Groovy Vista Shortcuts

Now that I’ve been using Windows Vista RC2 for some time now, I can definitely say that I’m impressed with the latest offering from Microsoft. The slowdowns are virtually non-existant on a 1GB system, and the window rendering is superb.

In the meantime, I thought I’d share some good Windows Shortcut Keys that are new to Vista:

WINDOWS + 1-9: Holding the windows key and pressing a number will launch an application in the Quick Launch bar on the Taskbar. This is very useful. I have the flip windows shortcut as WIN+1 and the Snipping Tool as WIN+2.

WIN+TAB: As most already know, this activates the Flip 3D view when you have a 3D graphics card onboard. Letting go of the WIN key will ‘flip’ the windows back to normal.

CTRL+WIN+TAB: A nuisance with RC1 was that just tapping CTRL+TAB would leave the flip view on screen. Instead, you now have to hold CTRL to keep the flip view on screen without holding the WIN key. Press the HOME key to scroll back to your original window, or press ESC to cancel.

WIN+T: Cycle through windows in the taskbar, shows live preview if available.

ALT+UP: In Explorer, ALT + UP will move to your parent folder. Very nifty when navigating around folders with the keyboard.

WIN+SPACE: Bring all Gadgets to the front

WIN+G: Move focus from one gadget to another on the desktop.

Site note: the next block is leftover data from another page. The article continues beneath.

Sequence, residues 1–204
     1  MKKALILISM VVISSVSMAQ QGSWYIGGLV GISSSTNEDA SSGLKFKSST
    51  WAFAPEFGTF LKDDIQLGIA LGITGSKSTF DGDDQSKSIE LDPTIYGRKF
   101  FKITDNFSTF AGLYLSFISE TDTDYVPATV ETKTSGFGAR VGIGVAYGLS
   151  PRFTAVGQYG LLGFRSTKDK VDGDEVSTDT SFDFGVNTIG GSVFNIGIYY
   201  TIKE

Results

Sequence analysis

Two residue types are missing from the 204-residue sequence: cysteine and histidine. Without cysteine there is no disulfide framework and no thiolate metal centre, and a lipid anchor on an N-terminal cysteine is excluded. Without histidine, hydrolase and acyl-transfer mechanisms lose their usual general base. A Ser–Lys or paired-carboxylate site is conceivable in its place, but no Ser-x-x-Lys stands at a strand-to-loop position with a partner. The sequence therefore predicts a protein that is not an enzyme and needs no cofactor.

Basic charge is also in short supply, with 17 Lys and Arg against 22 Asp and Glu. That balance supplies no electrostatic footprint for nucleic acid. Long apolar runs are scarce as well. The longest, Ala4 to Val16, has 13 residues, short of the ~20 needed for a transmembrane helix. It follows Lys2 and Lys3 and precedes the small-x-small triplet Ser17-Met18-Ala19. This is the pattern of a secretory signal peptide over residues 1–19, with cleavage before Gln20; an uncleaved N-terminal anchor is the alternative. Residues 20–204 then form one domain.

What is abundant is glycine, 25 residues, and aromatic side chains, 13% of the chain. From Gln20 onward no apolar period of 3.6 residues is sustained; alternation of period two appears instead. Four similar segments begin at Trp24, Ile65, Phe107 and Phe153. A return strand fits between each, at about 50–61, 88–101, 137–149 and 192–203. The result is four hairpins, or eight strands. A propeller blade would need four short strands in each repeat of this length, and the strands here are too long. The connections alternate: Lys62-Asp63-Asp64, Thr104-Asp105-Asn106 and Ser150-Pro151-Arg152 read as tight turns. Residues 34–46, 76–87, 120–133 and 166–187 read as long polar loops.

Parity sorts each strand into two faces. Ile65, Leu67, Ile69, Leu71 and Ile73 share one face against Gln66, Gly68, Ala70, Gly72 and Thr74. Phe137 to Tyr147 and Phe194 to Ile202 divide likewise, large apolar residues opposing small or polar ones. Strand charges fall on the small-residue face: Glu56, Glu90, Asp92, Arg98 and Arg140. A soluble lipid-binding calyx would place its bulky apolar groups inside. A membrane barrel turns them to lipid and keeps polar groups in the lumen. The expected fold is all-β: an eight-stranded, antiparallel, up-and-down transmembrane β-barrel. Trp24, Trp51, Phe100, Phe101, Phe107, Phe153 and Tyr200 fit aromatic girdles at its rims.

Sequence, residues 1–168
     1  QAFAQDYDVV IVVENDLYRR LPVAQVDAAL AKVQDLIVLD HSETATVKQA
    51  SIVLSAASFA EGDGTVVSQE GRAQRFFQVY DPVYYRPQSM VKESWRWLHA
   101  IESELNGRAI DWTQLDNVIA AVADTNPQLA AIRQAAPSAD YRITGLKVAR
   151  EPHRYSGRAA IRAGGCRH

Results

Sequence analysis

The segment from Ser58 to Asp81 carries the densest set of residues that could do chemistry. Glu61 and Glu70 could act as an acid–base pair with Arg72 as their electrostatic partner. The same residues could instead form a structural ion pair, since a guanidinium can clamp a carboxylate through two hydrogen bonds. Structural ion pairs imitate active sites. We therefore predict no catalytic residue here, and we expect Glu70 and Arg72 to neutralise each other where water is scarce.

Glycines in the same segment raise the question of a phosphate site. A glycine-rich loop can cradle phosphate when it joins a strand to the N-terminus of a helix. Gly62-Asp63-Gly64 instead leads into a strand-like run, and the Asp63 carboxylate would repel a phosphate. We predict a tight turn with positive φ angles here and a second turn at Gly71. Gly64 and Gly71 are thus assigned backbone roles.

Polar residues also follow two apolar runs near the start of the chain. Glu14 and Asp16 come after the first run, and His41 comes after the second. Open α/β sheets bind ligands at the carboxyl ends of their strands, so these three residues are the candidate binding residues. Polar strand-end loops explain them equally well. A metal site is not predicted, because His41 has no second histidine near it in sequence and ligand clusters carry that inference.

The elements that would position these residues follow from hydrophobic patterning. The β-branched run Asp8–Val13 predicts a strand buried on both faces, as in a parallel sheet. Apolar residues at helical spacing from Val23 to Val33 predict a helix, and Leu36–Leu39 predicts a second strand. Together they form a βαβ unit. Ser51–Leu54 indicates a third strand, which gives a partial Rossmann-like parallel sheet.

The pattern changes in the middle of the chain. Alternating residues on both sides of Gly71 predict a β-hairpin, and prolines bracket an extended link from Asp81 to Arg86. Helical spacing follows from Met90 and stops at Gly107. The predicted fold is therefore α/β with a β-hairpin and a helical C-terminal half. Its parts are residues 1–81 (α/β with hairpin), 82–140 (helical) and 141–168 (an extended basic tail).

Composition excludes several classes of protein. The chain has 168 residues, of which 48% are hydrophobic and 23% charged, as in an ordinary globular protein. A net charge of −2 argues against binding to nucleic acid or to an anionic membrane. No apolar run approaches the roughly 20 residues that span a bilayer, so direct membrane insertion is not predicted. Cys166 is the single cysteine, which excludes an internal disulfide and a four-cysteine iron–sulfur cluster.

There are loads more, but I think that these ones deserve special mention.

Just a note that both WIN+TAB and ALT+TAB allow mouse interactivity now. Flip 3D allows the wheel to be used as well as the back and forwards buttons used for web browsers.

I hate dialogs

As I’m getting accustomed to the BETA2 release of Vista, I can only think of one thing.

I hate dialogs.

I especially hate the big, black, screen-blanking, in-your-face annoyance of a security system that Microsoft felt compelled to put in place.

I can see where they are coming from (Unix!), but it just doesn’t work. The idea of least administrative access is that admins can use lower accounts and bolt up to more access when required.

It seems Microsoft think everyone should still be an administrator, and that whenever people want to do a somple task like delete a desktop shortcut, all hell should break loose!

Oh, don’t get me started on the shortcuts. I think I counted about 8 (yes, eight!) confirmation shortcuts:

1) This is a file. Are you sure to want to do this?
2) Oh, hang on – this is a shortcut. It bears no problem on a program, but I’d better ask again.
3) You do know that you are only deleting a shortcut, don’t you?
4) Hmm, you’ll need to be an administrator – you are sure, right?
5) Because even though it’s just a shortcut on your desktop, I’ve assimilated it into the SYSTEM account. That alright?
6) Big black screen! ALLOW or DENY! Stop if you’re scarred!
7) Okay, now you’ve let me. You okay with this, big guy?
8) Right, I’ll do it!

OK – maybe I’m exaggerating by one or two.

Internet Explorer falls foul to this when activeX kicks in for the installer. A big black screen appears BEFORE you know what program wants to be installed:

1) BIG BLACK SCREEN: Whoa! Something’s installing – it could be ANYTHING. Allow or deny?
2) (Assuming you’ve allowed) Would you like to install flash?

I can see where this is coming from – but users don’t read popups like this. The bods at MS know this, yet they’ve strung a series of dialog boxes for the simple jobs! I’d say that too much security isn’t a bad thing. Unfortunately, this isn’t security – it’s a menace.